You may think you don’t have to dumb down your story – you’re wrong
Posted on: 2016-05-09
Are your B2B articles understandable enough? The Media Coach's Lindsay Williams has some tips on talking to the media.
There is a great misconception in B2B PR that you don’t have to dumb down a story. Because B2B PR is targeted at trade press or specialist pages of the mainstream media or websites, many people believe that it’s okay to communicate as you would with colleagues. Wrong, wrong, wrong.
If you can’t tell your corporate story, or explain your new product in a non-technical way – like you’re speaking to your mum or an intelligent 14 year old – you’re missing a trick.
Trade press and specialist journalists face the uphill battle of making B2B stories interesting. If you are covering the politics of the day or celebrity love lives, there is no need to ‘sex it up’. However, if you are talking about revolutions in subsea pipeline technology or the potential for business transformation you have to work to make it interesting.
The way you speak is an excellent place to start. There are entire subsections of the English language that cause listeners and readers to come down with indigestion.
Firstly, there are acronyms. Most organisations have them. While they are useful internally or within an industry niche they do not travel well. Did you know there was a three-letter-acronym for three-letter-acronyms
– I kid you not – called TLAs? Avoid them when talking to or writing for journalists.
Secondly, there is the real technical jargon of an industry. Sometimes these terms are unavoidable. However, if you do have to use them, you need to explain
them. To a normal perso a bank account or a loan is not a ‘financial product’. Similarly, ‘instructional scaffolding’ is a term used in education that needs a colloquial translation such as ‘tips – often conveyed through a graphical or model – designed to help students pick up something new quickly’.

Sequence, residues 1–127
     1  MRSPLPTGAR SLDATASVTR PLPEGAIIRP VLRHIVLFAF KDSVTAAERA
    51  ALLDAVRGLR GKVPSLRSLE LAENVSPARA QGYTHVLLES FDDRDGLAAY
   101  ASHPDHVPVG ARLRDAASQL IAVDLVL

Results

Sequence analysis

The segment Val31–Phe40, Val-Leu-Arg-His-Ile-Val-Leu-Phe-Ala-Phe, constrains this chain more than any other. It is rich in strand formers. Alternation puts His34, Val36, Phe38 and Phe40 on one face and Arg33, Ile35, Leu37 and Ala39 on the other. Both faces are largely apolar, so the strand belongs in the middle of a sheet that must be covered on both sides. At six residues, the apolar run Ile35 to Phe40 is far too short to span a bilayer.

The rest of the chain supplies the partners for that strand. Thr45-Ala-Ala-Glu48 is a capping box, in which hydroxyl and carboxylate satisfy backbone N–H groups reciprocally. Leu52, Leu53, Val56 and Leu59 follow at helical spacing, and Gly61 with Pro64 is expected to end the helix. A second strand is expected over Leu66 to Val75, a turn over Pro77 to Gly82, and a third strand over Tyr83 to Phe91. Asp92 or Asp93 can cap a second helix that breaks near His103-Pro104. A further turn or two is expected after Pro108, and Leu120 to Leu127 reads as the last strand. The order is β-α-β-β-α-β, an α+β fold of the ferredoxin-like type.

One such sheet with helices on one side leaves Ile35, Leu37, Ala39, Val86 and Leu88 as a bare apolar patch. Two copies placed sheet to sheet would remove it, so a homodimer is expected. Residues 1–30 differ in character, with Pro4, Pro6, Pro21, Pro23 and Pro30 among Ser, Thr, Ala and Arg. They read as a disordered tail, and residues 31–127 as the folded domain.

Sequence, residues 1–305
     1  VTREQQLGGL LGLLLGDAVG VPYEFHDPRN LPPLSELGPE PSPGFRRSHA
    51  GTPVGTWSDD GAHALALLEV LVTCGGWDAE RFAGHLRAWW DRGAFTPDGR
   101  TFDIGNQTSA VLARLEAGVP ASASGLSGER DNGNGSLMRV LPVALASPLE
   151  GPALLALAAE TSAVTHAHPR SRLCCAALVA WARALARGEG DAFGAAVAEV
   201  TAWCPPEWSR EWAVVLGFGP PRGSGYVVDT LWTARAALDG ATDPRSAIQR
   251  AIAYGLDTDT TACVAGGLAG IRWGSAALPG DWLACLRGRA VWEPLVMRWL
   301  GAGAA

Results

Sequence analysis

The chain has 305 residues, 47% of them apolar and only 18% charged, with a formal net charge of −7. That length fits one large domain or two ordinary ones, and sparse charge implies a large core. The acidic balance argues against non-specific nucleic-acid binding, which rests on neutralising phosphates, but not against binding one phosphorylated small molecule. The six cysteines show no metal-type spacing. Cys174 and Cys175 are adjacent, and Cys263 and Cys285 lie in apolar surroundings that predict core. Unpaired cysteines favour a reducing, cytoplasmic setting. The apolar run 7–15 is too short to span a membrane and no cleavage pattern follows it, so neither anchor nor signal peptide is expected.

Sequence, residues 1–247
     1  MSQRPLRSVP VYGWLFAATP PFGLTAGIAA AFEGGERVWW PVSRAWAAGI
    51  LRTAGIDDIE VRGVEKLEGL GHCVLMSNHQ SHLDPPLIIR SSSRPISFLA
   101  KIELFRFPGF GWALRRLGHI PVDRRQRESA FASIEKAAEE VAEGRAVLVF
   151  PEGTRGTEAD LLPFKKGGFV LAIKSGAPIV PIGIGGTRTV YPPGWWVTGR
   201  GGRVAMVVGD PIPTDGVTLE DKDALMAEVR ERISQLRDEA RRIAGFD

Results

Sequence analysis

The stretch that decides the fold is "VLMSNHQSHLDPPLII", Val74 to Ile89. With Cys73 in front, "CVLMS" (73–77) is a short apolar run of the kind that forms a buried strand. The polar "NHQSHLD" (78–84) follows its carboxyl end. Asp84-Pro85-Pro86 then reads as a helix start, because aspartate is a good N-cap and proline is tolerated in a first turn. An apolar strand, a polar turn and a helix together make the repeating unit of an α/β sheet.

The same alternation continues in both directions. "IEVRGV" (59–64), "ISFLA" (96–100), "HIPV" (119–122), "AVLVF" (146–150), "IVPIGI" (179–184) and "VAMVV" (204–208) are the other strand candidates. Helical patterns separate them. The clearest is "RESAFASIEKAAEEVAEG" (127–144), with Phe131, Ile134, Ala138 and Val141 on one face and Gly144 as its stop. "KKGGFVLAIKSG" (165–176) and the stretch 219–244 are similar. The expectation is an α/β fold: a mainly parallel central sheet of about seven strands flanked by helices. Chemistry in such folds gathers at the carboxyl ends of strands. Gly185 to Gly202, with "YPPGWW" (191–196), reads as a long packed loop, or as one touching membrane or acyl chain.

While specialist journalists will know some of your jargon, they won’t always know much as you do. And if you use too much jargon, the journalist may ignore what you are saying because they don’t understand it. If you’re a good spokesperson who can speak colloquial English, journalists will come back to you repeatedly. If you don’t, they won’t.
Thirdly, there is huge raft of overly formal language that is often used in interviews because the interviewee mistakenly believes it will impress the journalist. At the Media Coach,
we call this ‘utilise syndrome’ (saying ‘utilise’ where ‘use’ will do). ‘Money and people’ can usually replace ‘resources’; rather than ‘interacting’ with customers, you could just ‘talk’ to them. There are many problems with this formal language but the key one from a PR point of view is that it makes it unlikely that the journalist will quote you.
It is the job of the PR person to persuade a business to ditch jargon and overly formal language. However, PRs often don’t and there are a couple of reasons for this: firstly, PRs don’t want to be too challenging to their clients – they may suggest politely that something is simplified but they won’t press the issue. Second PRs go native. In order to impress clients, they adopt the language of the business and lose sight of the jargon problem.
Lindsay Williams is Managing Director of The Media Coach.